Con Son - Kiep Bac Complex (Source: Internet) Hanoi (VNA) - “Con Son suoi chay ri ram/ Ta nghe nhu tieng dan cam ben tai” (Con Son’s streams are babbling/ As music from a stringed instrument) The beauty and serenity evoked in this line from 15th-century poet Nguyen Trai’s Con Son Ca (Con Son Ballad) still come to mind when visiting the Con Son-Kiep Bac Complex today. The complex of pagodas and temples nestles amidst forested mountains in the Con Son area’s Chi Linh district, Hai Duong province. The most prominent structures in the complex are the Con Son Pagoda and the Kiep Bac Temple, havens of peace and quiet, some 80 kilometres from central Hanoi. The sacredness of the pagoda, believed to have been built in the 13th century, is encapsulated in the famous saying: “Con Son, Yen Tu, Quynh Lam/ Neu ai chua den thien tam chua danh” (Those who haven’t been to Con Son, Yen Tu and Quynh Lam haven’t … [Read more...] about Con Son-Kiep Bac
Vietnamese women are traditionally in charge of the housework, and that burden multiplies when it comes to the country’s biggest holiday, Tet. But some have found a way out. They pay other people to do their chores. “My days of organizing parties are over. They will bring all the food over on New Year’s Eve,” said a woman in Hanoi, who only revealed her first name as Thao. “The burden is off my shoulders,” she said. Tet, or the Lunar New Year, will fall next week and is the most important holiday in Vietnam. It involves a lot of parties and house visits, and as a result requires a lot of cooking and cleaning. In the still largely patriarchal Vietnam, most of the work is usually done by the women, until they can stand it no more. Media reports and human rights organizations have been criticizing the housework stereotype in Vietnam, so companies are featuring more men in advertisements for kitchen appliances (although only in supporting … [Read more...] about Ready-made feasts free Vietnamese women from Tet chores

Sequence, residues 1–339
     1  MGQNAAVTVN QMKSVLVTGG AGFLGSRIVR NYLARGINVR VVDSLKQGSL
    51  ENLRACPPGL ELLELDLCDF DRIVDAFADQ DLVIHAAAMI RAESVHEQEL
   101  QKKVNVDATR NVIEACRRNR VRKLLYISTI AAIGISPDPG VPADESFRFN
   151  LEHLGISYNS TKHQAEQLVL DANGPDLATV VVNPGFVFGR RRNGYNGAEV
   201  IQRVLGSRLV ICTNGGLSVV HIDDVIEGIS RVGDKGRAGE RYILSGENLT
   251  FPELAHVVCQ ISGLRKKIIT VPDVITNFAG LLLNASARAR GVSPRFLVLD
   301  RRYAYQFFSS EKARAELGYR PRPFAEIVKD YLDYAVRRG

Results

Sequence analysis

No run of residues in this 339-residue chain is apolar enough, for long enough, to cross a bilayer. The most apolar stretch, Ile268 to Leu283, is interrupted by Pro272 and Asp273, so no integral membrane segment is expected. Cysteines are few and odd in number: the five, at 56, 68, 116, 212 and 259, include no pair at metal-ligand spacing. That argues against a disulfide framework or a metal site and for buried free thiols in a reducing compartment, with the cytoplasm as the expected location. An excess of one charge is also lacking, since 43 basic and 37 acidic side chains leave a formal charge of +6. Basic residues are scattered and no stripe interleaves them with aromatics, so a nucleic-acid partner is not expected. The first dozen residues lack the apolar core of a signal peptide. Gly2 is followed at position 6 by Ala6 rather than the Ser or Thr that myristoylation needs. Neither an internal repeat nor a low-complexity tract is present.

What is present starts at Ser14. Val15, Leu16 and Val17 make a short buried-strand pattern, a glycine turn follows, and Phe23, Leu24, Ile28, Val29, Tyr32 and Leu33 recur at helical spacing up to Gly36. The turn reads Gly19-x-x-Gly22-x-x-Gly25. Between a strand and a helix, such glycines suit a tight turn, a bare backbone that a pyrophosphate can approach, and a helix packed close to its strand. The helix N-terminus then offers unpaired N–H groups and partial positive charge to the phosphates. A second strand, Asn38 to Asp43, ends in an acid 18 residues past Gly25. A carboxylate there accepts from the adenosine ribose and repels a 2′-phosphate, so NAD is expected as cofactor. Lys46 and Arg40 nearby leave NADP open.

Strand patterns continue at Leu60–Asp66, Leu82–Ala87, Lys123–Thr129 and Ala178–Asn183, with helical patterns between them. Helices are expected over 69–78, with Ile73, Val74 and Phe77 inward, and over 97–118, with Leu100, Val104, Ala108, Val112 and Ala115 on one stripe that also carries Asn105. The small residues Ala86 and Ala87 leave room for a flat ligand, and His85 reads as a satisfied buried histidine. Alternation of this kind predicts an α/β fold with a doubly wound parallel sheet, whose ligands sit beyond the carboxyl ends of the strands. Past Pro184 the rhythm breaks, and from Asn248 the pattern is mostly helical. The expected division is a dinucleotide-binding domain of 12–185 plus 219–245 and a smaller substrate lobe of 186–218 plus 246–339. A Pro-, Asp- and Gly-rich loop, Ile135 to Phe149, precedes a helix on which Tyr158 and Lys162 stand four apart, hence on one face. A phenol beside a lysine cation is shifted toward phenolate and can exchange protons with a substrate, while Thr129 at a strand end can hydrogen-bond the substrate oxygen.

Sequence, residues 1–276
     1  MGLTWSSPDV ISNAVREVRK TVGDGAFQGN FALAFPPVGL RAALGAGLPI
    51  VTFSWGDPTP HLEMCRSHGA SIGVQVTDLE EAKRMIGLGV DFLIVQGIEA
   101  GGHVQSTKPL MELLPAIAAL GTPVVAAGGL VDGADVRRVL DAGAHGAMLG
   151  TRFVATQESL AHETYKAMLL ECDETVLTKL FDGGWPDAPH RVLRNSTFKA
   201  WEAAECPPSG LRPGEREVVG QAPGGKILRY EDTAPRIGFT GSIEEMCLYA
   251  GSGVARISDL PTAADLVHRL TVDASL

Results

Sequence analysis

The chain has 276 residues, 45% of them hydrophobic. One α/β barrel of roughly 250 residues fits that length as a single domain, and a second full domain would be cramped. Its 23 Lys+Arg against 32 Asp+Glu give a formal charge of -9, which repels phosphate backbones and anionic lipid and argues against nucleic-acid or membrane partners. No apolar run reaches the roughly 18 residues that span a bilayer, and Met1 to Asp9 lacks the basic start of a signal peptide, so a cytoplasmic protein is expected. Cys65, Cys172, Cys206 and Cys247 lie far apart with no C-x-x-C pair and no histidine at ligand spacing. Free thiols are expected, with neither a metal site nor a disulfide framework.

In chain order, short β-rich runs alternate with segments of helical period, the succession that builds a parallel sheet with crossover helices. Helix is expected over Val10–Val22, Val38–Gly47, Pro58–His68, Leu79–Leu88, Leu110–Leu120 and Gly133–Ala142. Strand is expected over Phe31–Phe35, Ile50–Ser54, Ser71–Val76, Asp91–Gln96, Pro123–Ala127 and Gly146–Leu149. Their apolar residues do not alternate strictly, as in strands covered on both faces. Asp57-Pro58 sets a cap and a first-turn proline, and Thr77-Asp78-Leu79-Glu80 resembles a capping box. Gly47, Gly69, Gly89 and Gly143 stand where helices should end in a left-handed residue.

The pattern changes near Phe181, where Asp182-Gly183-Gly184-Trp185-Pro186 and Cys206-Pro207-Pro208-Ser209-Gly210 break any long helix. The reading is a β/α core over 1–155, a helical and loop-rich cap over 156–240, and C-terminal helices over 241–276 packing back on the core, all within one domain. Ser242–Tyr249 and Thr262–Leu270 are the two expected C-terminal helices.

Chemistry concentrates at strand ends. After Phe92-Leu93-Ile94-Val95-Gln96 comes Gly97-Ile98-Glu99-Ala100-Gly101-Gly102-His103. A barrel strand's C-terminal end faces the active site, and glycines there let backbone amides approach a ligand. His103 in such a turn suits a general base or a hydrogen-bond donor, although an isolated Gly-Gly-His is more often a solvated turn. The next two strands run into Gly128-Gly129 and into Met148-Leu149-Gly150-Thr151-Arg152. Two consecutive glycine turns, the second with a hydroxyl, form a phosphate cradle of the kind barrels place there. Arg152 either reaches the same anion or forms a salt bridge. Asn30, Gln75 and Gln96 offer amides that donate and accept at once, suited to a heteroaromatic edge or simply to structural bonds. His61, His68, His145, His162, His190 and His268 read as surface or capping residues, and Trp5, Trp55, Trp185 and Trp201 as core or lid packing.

Updated at Sunday, 26 Nov 2017, 09:49 The Hanoitimes - Hanoi in cold days is the best time you can enjoy many famous dishes. Corn and sweet potato Corn and sweet potato. Hanoi in cold days, the good smelling of grilled corn and sweet potato in a corner of night street with yellow light makes many people feel fluttered… If the autumn is woken up by the smelling of young green sticky rice and milky flower, the winter is featured by the smelling of boiled corn and grilled sweet potato. This smelling appears in all streets, all small valley, making people cannot resist because it reminds a part of peaceful childhood in the bustling day. The fresh corns and brown sweet potato on the coal stove bring a strange warm feeling. Their good smelling seems to urge the customers to enjoy immediately. Enjoying the simple snacks is to wake up the childhood memory of anyone. They make the people living in the city remember the friends in the country. Sitting on the sidewalk to eat corn … [Read more...] about The delicious dishes
Sugar cotton candyWandering around Hanoi’s Old quarter, Hoan Kiem Lake, you can easily catch the sight of cotton candy made on bikes. The candy is called ‘kẹo bông gòn’ in Vietnamese which is a form of spun sugar confection with dashes of colour and flavour which change from place to place.However, like other countries, in Vietnam, the candy is made by heating and liquefying sugar and spinning it out through a minute holes with a centrifuge. Once in air, thin molten sugar strands re-solidify as cotton candy, which mostly contains air. It is sold on a stick or in a poly bag. The machines in Vietnam are small and automatically produce single-servings of sugar cotton candy in which the spinning head moves at a speed of several thousand revolutions per minute. Most tourists have Vietnamese sugar ball candy to get nostalgic about their childhood experience. Bánh rán (fried rice ball)Bánh rán is a deep-fried glutinous rice ball from … [Read more...] about Childhood nostalgic with Hanoi’s street food